Count the crows, but don’t count calories. This dessert is decidedly rich and decadent — dark chocolate! cream cheese! butter! sugar! But my feathered friend, you deserve it, especially after such a long, hard winter.






I used Bonne Maman Raspberry Preserves, which added a nice fruitiness to the tangy cheesecake layer without overpowering it, and Ghirardelli semi-sweet chocolate (the original recipe at Baking Bites called for “dark chocolate,” not specifying unsweetened or semi-sweet). The various flavors and textures are divine — the contrast between that cloud of light creaminess on top and the part-chewy, part cakey brownie on the bottom. Mmmmmm! So easy to make, and not overly sweet. I truly lost count of the times my eyes rolled back in my head with every bite. Trust me, you need these. 🙂



  • 1/2 cup butter, room temperature
  • 2-oz dark chocolate, chopped (I used semi-sweet chips)
  • 1 cup sugar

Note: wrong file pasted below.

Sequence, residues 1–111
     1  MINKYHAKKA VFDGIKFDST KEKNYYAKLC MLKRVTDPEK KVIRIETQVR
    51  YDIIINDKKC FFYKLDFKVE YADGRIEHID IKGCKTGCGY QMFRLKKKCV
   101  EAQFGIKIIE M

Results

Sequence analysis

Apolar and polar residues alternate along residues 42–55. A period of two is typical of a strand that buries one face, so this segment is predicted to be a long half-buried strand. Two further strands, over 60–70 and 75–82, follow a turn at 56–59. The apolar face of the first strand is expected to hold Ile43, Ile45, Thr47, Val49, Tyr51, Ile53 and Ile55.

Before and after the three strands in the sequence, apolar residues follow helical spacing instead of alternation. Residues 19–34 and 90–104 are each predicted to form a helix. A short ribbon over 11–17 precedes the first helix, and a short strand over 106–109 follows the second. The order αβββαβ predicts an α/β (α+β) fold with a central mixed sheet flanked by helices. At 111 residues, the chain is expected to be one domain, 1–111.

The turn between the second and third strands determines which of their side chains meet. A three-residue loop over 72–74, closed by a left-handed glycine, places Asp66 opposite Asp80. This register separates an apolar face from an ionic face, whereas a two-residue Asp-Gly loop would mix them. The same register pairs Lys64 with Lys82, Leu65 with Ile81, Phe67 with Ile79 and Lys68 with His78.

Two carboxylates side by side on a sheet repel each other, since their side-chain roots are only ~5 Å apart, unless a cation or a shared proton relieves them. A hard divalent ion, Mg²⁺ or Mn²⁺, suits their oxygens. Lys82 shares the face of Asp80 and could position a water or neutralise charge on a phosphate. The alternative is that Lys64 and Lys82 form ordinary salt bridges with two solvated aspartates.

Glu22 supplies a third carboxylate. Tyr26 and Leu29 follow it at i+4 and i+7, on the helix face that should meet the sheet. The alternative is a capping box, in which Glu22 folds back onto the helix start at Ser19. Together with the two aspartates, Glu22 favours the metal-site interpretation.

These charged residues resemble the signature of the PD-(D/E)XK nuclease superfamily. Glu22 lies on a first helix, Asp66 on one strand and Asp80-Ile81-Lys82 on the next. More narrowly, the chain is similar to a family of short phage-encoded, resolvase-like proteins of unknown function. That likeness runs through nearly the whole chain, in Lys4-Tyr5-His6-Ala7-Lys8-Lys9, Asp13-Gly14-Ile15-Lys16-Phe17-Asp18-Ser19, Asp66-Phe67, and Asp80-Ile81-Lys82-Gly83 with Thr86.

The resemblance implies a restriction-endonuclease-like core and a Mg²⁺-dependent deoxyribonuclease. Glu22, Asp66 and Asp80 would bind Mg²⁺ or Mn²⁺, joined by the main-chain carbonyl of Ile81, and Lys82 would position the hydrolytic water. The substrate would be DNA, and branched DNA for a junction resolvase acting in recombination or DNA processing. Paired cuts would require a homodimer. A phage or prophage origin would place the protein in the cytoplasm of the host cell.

• 2 large eggs
  • 1 teaspoon vanilla extract
  • 2/3 cup flour
  • 2 tablespoons cocoa powder
  • 1/4 teaspoon salt
  • 8 oz cream cheese, room temperature
  • 1/3 cup sugar
  • 1 large egg
  • 1/2 teaspoon vanilla extract
  • 1/3 cup raspberry preserves/jam (strawberry or blueberry would work just as well)

1. Preheat oven to 350 degrees F.

2. Line an 8″x 8″ square baking pan with aluminum foil or parchment paper and lightly grease.

3. In a small, heat-proof bowl, melt butter and chocolate together. Stir with fork until very smooth. Set aside to cool for a few minutes.

4. In a large bowl, whisk together sugar, eggs and vanilla extract. Whisking steadily, pour chocolate mixture into sugar mixture. Stir until smooth. Sift flour, cocoa powder and salt into the bowl and stir until just combined.

5. Pour into prepared pan and prepare cheesecake mixture.

6. In a medium bowl, beat cream cheese, sugar, egg and vanilla extract until smooth. Drop in dollops onto prepared brownie batter. Drop dollops of raspberry preserves into the cheesecake batter. Gently swirl batters with a butter knife, giving the brownies a swirly look.